“Where practicable, a clearly visible warning sign shall be posted at every approach to an area in the workplace where the sound level measured as described, regularly exceeds 85 dBA.”
The purpose of the signage requirement is to warn workers that they are entering an area, that is, or may become, loud enough to cause damage to their hearing if unprotected.
The intent of this provision is for the employer to post a sign at every approach to an area where continuous or intermittent noise levels regularly exceed 85 dBA. This would include intermittent noise from power tools, or equipment normally used in the area, but would exclude one-time or rare noisy, activities.
The regulation provides for an exception to the signage requirement where it is not practicable to do so. This provision recognizes that it may not be reasonable to place warning signs at every approach to noisy areas in all workplaces, such as underground mines and some construction projects, due to their unique design and the dynamic nature of the work.
In such cases, greater emphasis may be placed on the provisions of subsection 2 (1) of the Regulation for the employer to ensure that workers are aware of the noise hazards in the workplace and the appropriate measures and procedures in place for their protection.
What must the sign indicate?
It is ultimately left to each workplace to decide on what kind of warning signs should be provided, but it is recommended that the signs advise workers that there is a potential for hearing loss in that area, if unprotected, and what measures are to be taken to control this potential exposure.
The content of the signs may include:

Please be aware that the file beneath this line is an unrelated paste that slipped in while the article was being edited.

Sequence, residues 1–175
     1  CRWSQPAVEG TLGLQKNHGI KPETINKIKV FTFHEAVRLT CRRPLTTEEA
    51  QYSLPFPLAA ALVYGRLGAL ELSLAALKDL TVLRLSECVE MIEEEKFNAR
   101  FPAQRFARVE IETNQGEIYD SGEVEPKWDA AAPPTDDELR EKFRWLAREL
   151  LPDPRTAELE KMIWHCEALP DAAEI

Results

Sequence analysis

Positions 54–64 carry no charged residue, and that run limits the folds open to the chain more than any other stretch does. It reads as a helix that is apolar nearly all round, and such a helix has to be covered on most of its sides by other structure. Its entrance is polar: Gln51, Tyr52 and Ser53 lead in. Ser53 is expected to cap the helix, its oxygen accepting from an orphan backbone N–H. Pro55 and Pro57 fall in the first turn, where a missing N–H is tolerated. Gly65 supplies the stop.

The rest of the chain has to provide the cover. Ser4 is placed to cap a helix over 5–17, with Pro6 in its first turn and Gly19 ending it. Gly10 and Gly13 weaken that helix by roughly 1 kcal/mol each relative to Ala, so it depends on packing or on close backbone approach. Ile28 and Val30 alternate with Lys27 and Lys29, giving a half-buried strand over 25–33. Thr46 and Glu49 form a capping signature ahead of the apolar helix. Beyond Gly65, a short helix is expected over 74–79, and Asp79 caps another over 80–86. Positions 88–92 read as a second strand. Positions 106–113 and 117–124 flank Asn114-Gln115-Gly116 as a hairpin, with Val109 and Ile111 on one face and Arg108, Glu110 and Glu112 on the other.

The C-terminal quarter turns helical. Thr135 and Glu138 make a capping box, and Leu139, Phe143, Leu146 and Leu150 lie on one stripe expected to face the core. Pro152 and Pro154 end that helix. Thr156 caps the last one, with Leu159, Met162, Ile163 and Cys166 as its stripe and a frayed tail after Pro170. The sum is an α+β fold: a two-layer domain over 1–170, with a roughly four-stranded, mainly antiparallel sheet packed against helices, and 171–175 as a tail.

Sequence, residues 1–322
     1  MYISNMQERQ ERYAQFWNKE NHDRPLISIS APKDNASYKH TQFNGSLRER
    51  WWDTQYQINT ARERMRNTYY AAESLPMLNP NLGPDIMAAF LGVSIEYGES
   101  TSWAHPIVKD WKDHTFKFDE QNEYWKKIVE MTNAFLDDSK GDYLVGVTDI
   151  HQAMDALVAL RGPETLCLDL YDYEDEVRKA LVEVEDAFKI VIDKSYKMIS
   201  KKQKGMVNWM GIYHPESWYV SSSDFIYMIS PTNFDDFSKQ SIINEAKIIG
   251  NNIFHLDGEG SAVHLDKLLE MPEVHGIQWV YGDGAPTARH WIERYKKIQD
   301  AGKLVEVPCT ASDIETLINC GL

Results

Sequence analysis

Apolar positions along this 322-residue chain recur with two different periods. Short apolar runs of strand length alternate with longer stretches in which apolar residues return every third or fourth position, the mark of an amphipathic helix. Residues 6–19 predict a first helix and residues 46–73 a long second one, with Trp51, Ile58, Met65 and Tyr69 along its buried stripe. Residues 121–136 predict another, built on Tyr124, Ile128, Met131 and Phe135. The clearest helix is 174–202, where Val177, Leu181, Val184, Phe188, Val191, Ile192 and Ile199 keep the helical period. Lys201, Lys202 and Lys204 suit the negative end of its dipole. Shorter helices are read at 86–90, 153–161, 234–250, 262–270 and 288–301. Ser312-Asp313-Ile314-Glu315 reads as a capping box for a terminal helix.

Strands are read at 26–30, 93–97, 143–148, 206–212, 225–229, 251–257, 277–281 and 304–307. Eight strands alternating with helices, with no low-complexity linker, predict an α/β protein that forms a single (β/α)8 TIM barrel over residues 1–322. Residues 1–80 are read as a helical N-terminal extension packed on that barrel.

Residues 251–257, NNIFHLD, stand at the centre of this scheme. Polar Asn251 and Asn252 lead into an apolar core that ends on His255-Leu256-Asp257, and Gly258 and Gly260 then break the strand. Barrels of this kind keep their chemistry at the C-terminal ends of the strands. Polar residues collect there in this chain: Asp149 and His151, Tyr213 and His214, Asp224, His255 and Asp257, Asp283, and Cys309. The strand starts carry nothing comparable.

- identification of actual sound level in dBA
- warning of hazardous sound levels
- requirement for mandatory hearing protection to be worn in the area
- the allowable exposure duration for the area, without hearing protection
- icons indicating that hearing protection is to be worn
Training and instruction
“An employer who provides a worker with a hearing protection device shall also provide adequate training and instruction to the worker in the care and use of the device, including its limitations, proper fitting, inspection and maintenance and, if applicable, the cleaning and disinfection of the device”.
This section stresses the importance of ensuring that workers know how to properly use and maintain any HPDs they may be required to wear to ensure that they are properly protected from noise exposures. The training and instruction to a worker on the care and use of HPDs must include, but is not limited to, the following:
- Limitations – Not all HPDs are suitable for use in all work environments (e.g. extreme temperatures) and may not be compatible for use with other personal protective equipment (e.g. wearing of ear muffs combined with safety glasses).